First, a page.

by Monica Ross

Personalization is something a lot people do as well. It’s the third unhelpful thinking style in the series I typically cover. Sometimes when I say “personalization” people immediately respond with “oh, that’s when you take something personally that really wasn’t directed at you.” That’s not quite what we’re talking about here, but it's close. I can see how it can be related. For the purposes of CBT personalization is when a person takes on added blame and responsibility for things for which they may only share partial responsibility.

It’s kind of the equivalent of telling oneself “It’s all my fault.” The relationship ended and “It’s all my fault.” My daughter got involved with drugs as a teenager and “It’s all my fault.” My boss fired me and “It’s all my fault.” My parents got a divorce and “It’s all my fault.”

In order to get out of the habit of personalizing, it’s important to take a step back and ask oneself “How much responsibility did I actually have in this?” More often than not, there were other people involved or other unforeseen events that were a factor and that share in the responsibility.

A person might start out thinking I’m 100% responsible here and later discover its maybe only about a 30% or less. The percentages don’t really matter and that’s not the focus. It just helps to illustrate that very few things in life actually are 100%.

To take on added responsibility is in a way to self-blame. It is kind of like saying to oneself, "I fell short of expectations here." And that in a way alludes to the fact there may be some perfect ideal that failed to be grasped. So it's kind of like  acknowledging our shortcomings and feeling some sense of shame about it.

Instead of self-blame or shame we want to move towards self-acceptance.  A person could say themselves “Okay, so I played some part in this perhaps. As perfect as I am in spirit, I’m not always perfect in deed. And that’s okay.”

Once we accept that it is okay to be imperfect then taking on partial responsibility for things that go wrong doesn’t seem like such a bad prospect. Things are rarely often all our fault. And at the end of the day, even if things were all our fault, who is to say that we are not allowed to make mistakes?

To take on self-blame has a negative connotation and feels a bit like it taps into some implied innate "wrongness" or "badness" on our parts for lack of a better word. To take on responsibility implies there was a choice to be made, perhaps it was a bad choice but the choice is independent of the perfect soul of the person making the choice.

I believe people to be on the whole innately good. We just as humans don’t always make the most healthy choices. We could go the route of beating ourselves up about something that we have done, but what would be the point in that?

That won’t serve as some sort of motivation to do differently next time. There is a fine line between stepping back, acknowledging our role or responsibility in something and compassionately telling ourselves “I made a mistake here and I really want to do better next time.” The opposite would be to take on the burden of feeling ourselves to be bad people or bad natured in some way.

With the approach of the later we might say to ourselves, “Well I wouldn’t have done such and such if I wasn’t such a bad person.” We want to move away from all those types of tendencies.

Let’s enter into the topic of guilt and shame because they somewhat apply here. Guilt is associated often with the completion of an action that we have remorse over. Shame is a much more personal thing and may be related to something we have or have not done, but has more of a social component.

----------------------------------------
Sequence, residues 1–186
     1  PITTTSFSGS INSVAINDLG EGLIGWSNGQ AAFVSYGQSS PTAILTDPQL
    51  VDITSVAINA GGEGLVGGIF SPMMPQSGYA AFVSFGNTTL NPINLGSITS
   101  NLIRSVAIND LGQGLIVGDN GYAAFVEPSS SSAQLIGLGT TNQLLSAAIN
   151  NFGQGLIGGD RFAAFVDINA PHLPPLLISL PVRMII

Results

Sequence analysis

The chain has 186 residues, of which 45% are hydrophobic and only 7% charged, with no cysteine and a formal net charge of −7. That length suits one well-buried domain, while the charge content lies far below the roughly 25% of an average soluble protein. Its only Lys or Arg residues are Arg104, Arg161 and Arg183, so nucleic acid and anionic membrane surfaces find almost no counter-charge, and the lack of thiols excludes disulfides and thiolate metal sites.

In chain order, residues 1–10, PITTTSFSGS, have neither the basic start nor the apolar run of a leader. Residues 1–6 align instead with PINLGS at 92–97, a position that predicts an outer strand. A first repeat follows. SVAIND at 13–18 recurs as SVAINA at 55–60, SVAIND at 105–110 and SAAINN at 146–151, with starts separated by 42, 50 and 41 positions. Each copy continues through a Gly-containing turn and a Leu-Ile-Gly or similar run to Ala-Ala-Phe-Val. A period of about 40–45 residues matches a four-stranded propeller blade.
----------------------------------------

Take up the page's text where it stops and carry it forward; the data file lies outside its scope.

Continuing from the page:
Shame is the feeling of appearing to be bad in the eyes of others. With the attempt to combat the tendency towards personalization we want to let go of both guilt and shame. Guilt moves us in the direction of pro-social behaviors some argue because feeling guilty is the equivalent of having remorse over our wrong actions.

There is an empathy component in guilt. The thinking goes that a person might not have remorse to begin with, if they didn’t in some way relate to how their actions may have hurt someone else.

Shame though doesn’t seem to do much for us. It’s like saying to oneself “I am bad” not "I did something bad" as explained above in the dichotomy I drew. And it’s just not true. You, nor I, nor anyone else is on the whole “bad.”

Who we are as human beings is separate from our actions and part of our perfectness is our imperfectness. I wrote a thesis as undergraduate student on the topic of guilt and shame. A lot of the material for my thesis came from Dr. Thomas Scheff’s work.

I remember emailing Dr. Scheff at the dawning of email.  Here I was in Austin a student at UT and here he was teaching on the West Coast.  It felt similar I think to what achieving transcontinental flight must have felt like at the turn of the 20th Century.  And once again I fall into the trap of dating myself.

Dr. Scheff is a professor emeritus at The University of Santa Barbara. I wrote the thesis a long time ago and nowadays you do a Google search and a lot of people have written on the topic of guilt, shame, and perfectionism.

But let me not stray too, too far here. The bottom line is that we are perfectly imperfect. It’s okay to accept responsibility for ones actions, but acknowledge that that responsibility is often a partial one and is not in any way related to being innately bad or flawed or corrupt or immoral or depraved or devalued or wicked or unscrupulous (this is where the synonyms function in Word really comes in hand).

No, the bottom line is that we want to move towards radical self-acceptance and self-compassion and away from unattainable notions of perfectionism.